Deep in the pacific northwest, lost down ash roads in burned forests, out past the range of cell phones and a single tank of gas, there was an old fire tower, and at the base of that tower was a bar.
There were no signs, no neon, that marked it as anything more than a cabin. Out front there were no cars, no parking lot, no burnt wrecks. A mountain bike leaned against the porch. A solar gyrocopter lay folded up in a small clearing to the north, like a dead cricket.
An old woman on the porch was peeling thick slivers from a piece of wood with a battered bowie knife.
The ash-choked road ended at the top of that mountain, at the foot of the fire tower. Carolina Early turned off her ancient biodiesel jeep.
“Smells like french fries.” The woman on the porch said. She had an old farmer’s skin, brown skin with black freckles, many of them quite large. Her frizzled hair had gone from black to grey and was bleaching white with the sun of decades.
“That smell. Haven’t smelled fast food in a long time. It’s not exactly legal, you know, reusing frying oil like that. Supposed to get it cleaned first.” She said. The knife turned, popped a toothpick sized sliver from the stick. She put it in her mouth.
“Won’t run right with detergent and oil added.” Carolina said. “Defeats the whole purpose, anyway.” She added, walking across the sun-withered grass.
From here the valley stretched south, under a red sky, darkened by distant fires burning year round. Carolina’s jeep was covered in thick flakes of ash, the color of the woman’s hair. Near the bar, sparse spruce trees reminded Carolina of what the place must have looked like, once - blue and green, every tree trunk overgrown with ferns and moss.
“Welcome to Dave’s.” The woman said, beckoning Carolina up. Her sunspotted hand put the block of wood down and extended toward Carolina.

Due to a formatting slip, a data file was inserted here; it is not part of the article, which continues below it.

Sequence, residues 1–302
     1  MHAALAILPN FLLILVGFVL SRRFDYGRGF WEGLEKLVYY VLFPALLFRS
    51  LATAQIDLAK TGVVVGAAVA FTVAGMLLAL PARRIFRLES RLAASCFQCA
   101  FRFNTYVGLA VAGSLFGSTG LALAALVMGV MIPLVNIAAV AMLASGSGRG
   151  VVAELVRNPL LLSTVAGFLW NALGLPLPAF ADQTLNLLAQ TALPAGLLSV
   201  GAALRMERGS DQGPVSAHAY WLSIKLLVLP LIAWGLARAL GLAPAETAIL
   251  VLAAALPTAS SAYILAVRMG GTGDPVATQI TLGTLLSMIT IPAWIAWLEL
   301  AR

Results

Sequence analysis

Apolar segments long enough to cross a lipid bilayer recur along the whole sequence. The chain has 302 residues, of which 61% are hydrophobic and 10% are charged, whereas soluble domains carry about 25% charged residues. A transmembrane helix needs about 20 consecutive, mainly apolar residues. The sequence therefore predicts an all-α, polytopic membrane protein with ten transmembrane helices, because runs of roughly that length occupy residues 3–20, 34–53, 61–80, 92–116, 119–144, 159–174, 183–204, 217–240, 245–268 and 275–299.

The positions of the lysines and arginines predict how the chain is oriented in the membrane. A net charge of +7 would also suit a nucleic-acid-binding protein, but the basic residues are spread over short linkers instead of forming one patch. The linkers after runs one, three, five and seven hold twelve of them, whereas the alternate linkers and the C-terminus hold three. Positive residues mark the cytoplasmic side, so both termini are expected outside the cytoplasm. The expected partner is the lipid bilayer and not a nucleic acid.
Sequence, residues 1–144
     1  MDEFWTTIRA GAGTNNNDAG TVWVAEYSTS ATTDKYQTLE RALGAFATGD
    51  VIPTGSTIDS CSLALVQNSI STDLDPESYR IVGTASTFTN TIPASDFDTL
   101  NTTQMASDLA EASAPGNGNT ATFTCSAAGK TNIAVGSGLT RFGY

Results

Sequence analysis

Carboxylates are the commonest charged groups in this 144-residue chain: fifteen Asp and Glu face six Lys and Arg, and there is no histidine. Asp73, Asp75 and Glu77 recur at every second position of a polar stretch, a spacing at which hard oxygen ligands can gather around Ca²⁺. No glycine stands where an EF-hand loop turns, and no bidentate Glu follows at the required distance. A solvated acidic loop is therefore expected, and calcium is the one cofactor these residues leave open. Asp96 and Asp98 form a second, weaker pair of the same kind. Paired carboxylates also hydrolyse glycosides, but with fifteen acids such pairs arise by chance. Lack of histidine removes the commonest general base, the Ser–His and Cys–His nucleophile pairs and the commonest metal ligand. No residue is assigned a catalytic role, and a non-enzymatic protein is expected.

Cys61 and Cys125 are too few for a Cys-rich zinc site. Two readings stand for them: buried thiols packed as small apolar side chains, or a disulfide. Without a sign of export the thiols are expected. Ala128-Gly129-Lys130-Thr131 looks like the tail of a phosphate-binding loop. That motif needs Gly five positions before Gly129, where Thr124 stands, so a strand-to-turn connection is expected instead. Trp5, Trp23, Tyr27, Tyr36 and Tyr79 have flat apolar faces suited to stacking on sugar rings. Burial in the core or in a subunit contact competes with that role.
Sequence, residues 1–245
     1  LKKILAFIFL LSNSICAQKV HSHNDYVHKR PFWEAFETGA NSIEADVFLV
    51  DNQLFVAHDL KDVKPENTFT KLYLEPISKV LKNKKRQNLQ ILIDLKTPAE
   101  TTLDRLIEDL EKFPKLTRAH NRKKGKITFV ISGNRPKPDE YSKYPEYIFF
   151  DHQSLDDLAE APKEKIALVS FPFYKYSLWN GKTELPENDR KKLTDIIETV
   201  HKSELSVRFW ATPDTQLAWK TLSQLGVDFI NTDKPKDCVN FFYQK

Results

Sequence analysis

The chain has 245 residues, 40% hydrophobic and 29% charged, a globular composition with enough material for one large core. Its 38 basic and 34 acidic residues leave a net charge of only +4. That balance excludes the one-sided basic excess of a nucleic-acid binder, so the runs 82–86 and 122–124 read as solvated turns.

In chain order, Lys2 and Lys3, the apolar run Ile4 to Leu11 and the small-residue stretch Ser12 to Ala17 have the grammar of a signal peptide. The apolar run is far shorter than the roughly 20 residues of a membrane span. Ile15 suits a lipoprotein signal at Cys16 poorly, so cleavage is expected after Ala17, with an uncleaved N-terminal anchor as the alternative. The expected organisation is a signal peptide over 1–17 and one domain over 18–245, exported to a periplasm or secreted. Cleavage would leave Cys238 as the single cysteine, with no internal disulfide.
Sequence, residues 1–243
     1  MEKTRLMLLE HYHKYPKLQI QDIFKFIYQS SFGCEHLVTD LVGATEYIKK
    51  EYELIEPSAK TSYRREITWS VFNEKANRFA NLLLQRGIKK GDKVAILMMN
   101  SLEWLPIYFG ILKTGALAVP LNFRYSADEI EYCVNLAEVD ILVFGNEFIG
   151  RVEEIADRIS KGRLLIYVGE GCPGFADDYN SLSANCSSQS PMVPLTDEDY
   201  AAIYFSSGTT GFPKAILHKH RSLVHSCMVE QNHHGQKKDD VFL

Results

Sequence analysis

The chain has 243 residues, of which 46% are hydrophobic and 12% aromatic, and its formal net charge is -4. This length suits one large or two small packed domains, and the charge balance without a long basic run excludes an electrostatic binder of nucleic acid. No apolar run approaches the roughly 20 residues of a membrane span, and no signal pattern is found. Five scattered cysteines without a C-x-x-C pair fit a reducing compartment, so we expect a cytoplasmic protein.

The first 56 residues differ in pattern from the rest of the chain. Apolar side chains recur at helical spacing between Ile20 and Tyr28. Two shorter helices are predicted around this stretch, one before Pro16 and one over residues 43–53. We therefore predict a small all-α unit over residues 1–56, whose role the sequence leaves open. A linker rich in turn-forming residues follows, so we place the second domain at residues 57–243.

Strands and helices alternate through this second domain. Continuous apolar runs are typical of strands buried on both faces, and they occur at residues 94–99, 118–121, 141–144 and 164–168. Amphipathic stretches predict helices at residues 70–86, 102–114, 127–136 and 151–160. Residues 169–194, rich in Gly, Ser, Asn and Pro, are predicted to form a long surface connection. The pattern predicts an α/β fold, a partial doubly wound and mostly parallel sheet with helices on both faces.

“I’m Marwa. Marwa Washington. I feel like I know you from somewhere.”
Carolina shook. Both hands were dry and thinskinned in the places without calluses, they were the kind of hands that had spent endless hours outdoors under no ozone.
“You did.” Carolina said. “I’m Carolina Early. We met in Louisiana, in the 20s. Water protection, against the Formosa Cracker.”
The Formosa Cracker had been what the water protectors and environmentalists had called the project, back when the local government and friendly papers had, in a rather twisted stroke of public relations, called “Project Sunshine.” Project Sunshine, aka the Formosa Cracker, had cost 10 billion dollars, and had been designed to turn valuable poisonous petrochemicals into things even more toxic and profitable.
“Must have been the EARLY twenties.” Marwa said, indicating the chair next to her.
“Considering I spent the rest of the twenties locked up in St. Gabriel women’s pen, yeah, I’d say it was pretty early.”
There was a moment of silence. Carolina sat, watched the steel-grey valley blow with ash. Old cell phone towers, some snapped in half, protruded from the rough mass of burned and dead trees like ribs through roadkill.
“It flooded back in ‘32. With Formosa.” Carolina said.
“Hurricane Delta. The Winter Storm.” Marwa said it like people always did, as though revering it would keep the eye of the storm off you. Her eyes caught a tree that looked like a burned cigarette, halfway down the mountain as her mind replayed video she’d seen, Hurricane Delta, New Orleans, bubbling layers of fire bouncing between black smoke and water.
“After Delta, they let a lot of us go on time served for helping out. Or for health reasons, due to whatever ‘sunshine’ was in the water.”
This recalled other scenes, memories of things she had not been there for, recollections of screens, from the times when news had been cast broad over airwaves and cables, and shown in places it wasn’t mandatory. Medical charts and doctors. Huge numbers preceded by dollar signs. Funerals and face masks, diagnoses in three dimensions.
“I was in there because of your brother.” Carolina said. She said it with a careful matter-of-factness, as though she’d mentioned a lost shoe on the side of the road. Marwa’s hand stopped sliding the bowie knife as Carolina heard a heavy footstep inside the door. She figured it, like the bar, belonged to “Dave.”